Homework Statement: Problem 11, chapter IV of Rindler's "Introduction to Special Relativity": Use the fact that ##A## as given in (23.5) is a four-vector to give an alternative solution to the first part of Exercise II(12).
That exercise reads: In ##S^\prime## a particle is momentarily at rest and has acceleration ##\alpha## in the ##y^\prime##-direction. What is the magnitude and direction of its acceleration in ##S##?
Homework Equations: The expression for the four-vector acceleration (23.5) is $$A = \gamma \left(\frac{d\gamma}{dt}c, \frac{d\gamma}{dt}\mathbf{u} + \gamma\mathbf{a} \right).$$

Time dilation: ##\frac{dt}{dt^\prime} = \gamma.##

Velocity transformations: $$u_1 = \frac{u_1^\prime +v}{1 + u_1^\prime v/c^2},\, u_2 = \frac{u_2^\prime}{\gamma(1+u_1^\prime v/c^2)},\, u_3 = \frac{u_3^\prime}{\gamma(1+u_1^\prime v/c^2)}.$$

It should also be noted that the frame ##S^\prime## is moving in the positive ##x##-direction with speed ##v## as seen from the frame ##S##.

I have been getting back to studying physics after a long break and decided to go through the problems in Rindler. But there is something I don't quite understand in this problem.

To first answer the second part, Exercise II(12), I wrote $$\frac{du_2}{dt} = \frac{du_2}{du_2^\prime} \frac{du_2^\prime}{dt} = \frac{du_2}{du_2^\prime} \frac{du_2^\prime}{dt^\prime}\frac{dt^\prime}{dt}.$$ The first and the last factors are both ##\frac{1}{\gamma}## as can be seen from the time-dilation equation and the velocity transformation with ##u_1^\prime = 0##. The middle factor is the proper acceleration ##\alpha##. Thus, I get ##\alpha/\gamma^2##. For the ##x##- and ##z##-components, the acceleration is still zero since ##\frac{d u_1^\prime}{dt^\prime} = \frac{d u_3^\prime}{dt^\prime} =0##.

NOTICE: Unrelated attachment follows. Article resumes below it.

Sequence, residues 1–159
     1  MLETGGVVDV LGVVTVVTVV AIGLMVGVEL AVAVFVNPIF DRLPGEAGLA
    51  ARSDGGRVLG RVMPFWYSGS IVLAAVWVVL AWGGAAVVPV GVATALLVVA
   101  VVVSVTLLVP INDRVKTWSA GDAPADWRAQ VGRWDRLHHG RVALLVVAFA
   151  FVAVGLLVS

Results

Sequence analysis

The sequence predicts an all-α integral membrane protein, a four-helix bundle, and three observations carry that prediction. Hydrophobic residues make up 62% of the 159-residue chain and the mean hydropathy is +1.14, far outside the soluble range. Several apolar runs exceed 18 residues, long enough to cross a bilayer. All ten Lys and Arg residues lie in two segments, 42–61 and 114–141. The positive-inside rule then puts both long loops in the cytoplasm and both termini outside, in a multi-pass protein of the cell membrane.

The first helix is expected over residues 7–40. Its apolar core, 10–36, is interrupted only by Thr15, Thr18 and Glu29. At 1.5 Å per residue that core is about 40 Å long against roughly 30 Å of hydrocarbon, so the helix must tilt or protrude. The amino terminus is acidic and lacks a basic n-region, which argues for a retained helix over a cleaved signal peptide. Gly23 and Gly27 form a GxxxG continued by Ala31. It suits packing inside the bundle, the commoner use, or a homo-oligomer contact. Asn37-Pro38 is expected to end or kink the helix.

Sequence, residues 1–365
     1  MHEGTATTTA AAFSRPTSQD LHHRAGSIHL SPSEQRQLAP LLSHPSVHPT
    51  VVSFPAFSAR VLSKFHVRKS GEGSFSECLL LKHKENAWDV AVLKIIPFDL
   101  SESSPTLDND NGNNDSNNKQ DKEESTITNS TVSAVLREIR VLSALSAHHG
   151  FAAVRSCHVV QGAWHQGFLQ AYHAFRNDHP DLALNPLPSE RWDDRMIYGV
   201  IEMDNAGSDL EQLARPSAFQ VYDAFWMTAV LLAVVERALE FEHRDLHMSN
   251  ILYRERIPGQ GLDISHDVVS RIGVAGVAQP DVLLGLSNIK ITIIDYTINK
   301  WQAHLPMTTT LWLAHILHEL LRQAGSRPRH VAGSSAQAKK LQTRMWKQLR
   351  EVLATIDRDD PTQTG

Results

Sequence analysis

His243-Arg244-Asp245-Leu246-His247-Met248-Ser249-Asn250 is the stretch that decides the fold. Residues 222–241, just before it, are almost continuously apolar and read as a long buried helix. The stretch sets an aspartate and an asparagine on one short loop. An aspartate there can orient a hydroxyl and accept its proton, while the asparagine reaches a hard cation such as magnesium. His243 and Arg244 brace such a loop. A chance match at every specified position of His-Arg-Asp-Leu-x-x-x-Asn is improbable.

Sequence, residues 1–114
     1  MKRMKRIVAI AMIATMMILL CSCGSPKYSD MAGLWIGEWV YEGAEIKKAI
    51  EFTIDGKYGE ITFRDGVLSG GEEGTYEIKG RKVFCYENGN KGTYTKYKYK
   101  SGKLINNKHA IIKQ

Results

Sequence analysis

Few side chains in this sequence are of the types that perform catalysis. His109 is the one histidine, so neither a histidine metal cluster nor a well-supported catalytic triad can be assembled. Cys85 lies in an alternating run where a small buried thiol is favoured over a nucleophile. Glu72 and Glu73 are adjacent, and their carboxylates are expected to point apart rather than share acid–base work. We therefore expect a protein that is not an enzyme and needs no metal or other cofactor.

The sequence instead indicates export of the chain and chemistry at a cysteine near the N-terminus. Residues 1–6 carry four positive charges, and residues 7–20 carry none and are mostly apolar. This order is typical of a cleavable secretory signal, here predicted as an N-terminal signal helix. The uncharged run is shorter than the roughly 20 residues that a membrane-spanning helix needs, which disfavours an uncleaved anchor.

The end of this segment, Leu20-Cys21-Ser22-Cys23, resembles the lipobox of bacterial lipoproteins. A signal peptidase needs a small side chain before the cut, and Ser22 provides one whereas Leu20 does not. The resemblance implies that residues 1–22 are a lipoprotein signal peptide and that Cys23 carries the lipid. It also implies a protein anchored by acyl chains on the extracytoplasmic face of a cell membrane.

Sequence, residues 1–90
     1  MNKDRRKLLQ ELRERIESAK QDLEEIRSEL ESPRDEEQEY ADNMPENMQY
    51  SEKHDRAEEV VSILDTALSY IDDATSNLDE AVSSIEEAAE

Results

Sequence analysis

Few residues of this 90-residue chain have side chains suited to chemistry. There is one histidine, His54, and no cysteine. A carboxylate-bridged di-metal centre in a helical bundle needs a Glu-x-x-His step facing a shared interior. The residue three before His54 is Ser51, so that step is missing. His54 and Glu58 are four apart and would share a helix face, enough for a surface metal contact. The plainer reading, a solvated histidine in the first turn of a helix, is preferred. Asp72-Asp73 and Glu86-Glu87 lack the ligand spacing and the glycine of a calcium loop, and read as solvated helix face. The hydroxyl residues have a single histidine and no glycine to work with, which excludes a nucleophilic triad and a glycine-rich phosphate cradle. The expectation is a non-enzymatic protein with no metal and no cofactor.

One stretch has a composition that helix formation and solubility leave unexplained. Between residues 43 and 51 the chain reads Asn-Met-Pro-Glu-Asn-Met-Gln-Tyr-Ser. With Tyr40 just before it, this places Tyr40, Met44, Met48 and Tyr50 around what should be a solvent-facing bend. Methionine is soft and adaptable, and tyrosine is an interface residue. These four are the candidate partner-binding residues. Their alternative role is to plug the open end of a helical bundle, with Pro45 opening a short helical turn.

In order to do this with the four-vector, note that in the lab frame ##S##, we have the velocity ##\mathbf{u} = (v, 0, 0)##. Starting at rest, we get (I think) ##\frac{d\gamma}{dt} = 0##. Using the expression for the four-acceleration, I get $$A = (0,0,\gamma^2 \alpha, 0),$$ which is different from the previous result by a factor of ##\gamma^4##. Where did I go wrong?

That might all be correct. Using the transformation of 4-vectors into frame S we get:

##A = (0,0, \alpha, 0)##

But, also, in frame S we have

##A^y = \gamma^2 a_y##

Where ##a_y## is the 3-acceleration in frame S.

This gives ##a_y = \alpha/ \gamma^2##.

Which is what you got by transforming the 3-acceleration.

All good!
 
  • #3
azazello said:
. Using the expression for the four-acceleration, I get $$A = (0,0,\gamma^2 \alpha, 0),$$

On reflection this is not correct. You should either get ##\alpha## there, by simple transformation of a 4-vector under a boost in the x-direction:

##A^y = A'^y##